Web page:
“[Building] a first prototype was very slow, ”explains Hwan Ko. The first step was to determine whether the robot would be modeled on a vertebrate – an animal with a backbone – or an invertebrate, such as a squid or an octopus. Since an invertebrate model could offer more freedom of movement, the team initially planned to mimic the octopus, but Hwan Ko says the idea turned out to be “too ambitious.”
After playing around with different designs and material structures, the team finally decided to tackle the simpler form of the chameleon itself. By shaping the nanowires into simple patterns consisting of dots, lines or scale shapes, they were able to create the complex effect shown in this video.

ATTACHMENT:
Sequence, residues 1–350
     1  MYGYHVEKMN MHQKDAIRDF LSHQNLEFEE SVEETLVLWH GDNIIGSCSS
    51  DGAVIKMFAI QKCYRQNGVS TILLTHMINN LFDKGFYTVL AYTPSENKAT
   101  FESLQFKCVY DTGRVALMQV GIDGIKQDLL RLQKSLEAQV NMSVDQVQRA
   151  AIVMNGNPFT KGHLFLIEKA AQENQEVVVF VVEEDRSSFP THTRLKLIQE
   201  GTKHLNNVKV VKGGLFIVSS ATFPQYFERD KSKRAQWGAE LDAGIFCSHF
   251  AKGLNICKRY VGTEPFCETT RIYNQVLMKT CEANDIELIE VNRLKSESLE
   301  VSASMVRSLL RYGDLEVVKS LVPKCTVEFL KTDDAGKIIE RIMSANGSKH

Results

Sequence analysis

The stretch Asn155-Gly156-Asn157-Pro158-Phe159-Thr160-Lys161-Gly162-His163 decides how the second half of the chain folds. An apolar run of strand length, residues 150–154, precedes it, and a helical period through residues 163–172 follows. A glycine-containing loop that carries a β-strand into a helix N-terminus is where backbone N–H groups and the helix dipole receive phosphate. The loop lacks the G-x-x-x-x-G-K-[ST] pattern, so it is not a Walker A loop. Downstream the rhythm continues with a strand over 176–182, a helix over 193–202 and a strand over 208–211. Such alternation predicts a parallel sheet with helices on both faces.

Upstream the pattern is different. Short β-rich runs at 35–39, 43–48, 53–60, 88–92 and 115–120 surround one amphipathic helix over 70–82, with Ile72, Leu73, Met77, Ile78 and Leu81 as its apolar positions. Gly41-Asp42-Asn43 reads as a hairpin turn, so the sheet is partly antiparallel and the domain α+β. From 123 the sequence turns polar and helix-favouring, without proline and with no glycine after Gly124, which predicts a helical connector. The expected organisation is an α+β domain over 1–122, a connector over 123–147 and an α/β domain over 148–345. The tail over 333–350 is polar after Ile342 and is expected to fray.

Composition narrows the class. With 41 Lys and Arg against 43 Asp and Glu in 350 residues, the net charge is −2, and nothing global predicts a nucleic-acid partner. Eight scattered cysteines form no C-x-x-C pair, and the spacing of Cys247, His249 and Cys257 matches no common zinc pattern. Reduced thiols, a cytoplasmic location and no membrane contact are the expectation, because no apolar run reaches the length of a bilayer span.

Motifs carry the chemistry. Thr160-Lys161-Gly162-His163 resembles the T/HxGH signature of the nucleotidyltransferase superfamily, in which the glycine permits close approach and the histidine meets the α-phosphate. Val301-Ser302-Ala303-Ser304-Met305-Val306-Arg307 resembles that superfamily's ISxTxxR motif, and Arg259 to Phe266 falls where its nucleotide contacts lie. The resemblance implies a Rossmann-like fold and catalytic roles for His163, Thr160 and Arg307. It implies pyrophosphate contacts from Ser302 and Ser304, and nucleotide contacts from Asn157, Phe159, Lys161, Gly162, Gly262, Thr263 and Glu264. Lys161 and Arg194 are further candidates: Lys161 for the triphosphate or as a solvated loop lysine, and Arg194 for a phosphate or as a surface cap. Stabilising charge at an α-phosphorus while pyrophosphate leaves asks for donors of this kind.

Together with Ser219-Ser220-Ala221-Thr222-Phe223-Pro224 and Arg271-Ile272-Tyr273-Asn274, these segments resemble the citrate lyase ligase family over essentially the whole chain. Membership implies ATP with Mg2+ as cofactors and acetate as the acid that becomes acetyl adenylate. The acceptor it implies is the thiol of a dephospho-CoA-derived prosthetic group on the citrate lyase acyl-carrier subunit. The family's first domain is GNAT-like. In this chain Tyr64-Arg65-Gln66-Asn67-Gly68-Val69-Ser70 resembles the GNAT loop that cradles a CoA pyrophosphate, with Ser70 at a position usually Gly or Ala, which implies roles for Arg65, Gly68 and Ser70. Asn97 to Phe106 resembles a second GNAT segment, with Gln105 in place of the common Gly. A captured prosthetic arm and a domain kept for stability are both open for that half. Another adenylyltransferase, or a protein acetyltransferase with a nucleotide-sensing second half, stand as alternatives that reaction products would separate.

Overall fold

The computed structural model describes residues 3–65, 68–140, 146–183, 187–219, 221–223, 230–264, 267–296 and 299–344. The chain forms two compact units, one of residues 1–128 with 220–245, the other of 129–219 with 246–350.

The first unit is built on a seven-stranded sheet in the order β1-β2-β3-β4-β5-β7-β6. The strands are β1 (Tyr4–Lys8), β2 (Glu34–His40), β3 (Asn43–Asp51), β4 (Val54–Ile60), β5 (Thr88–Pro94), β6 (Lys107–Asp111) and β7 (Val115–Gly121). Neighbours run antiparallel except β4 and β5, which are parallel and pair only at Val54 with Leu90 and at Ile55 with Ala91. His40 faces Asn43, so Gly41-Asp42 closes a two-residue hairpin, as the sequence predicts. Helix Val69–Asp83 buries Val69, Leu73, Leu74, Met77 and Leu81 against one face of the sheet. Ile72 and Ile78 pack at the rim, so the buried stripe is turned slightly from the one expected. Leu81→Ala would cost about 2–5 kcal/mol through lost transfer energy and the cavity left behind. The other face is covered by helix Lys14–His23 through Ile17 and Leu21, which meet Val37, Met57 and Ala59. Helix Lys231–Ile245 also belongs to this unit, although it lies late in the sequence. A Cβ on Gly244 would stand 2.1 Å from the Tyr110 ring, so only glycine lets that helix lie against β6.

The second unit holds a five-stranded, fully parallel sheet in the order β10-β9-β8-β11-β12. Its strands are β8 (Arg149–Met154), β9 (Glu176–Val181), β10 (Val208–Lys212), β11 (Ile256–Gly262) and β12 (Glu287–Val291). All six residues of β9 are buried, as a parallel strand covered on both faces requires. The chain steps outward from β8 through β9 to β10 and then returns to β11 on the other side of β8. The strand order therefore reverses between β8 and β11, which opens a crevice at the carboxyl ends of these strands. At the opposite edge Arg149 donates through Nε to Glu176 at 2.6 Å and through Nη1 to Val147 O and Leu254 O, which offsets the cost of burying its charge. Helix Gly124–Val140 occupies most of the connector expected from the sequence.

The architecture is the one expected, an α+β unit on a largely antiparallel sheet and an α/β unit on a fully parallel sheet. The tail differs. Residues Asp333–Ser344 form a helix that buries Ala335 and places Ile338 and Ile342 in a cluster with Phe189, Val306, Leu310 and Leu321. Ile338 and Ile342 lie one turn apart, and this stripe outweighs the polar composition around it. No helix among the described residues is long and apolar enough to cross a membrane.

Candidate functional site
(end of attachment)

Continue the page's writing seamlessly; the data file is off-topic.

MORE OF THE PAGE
Although previous research on artificial camouflage has often been labeled for military purposes, Hwan Ko hopes their work will have a wider impact, especially in the fields of transportation, beauty and fashion. Future applications could include cars that adapt their colors to stand out, and even fabrics that change color.
“This chameleon skin, the surface, is basically a kind of display,” he says. “It can be used for flexible or expandable or flexible display.”
However, because the technology is temperature dependent, it does not perform as well in extreme cold, which can make it more difficult for the faux chameleon to achieve the full spectrum of colors.
Ramses Martinez, an assistant professor at Purdue University who also studies bio-inspired robotics, says translating other biologically inspired systems into new technologies could lead to more possibilities, including systems that help locate quake survivors earthen.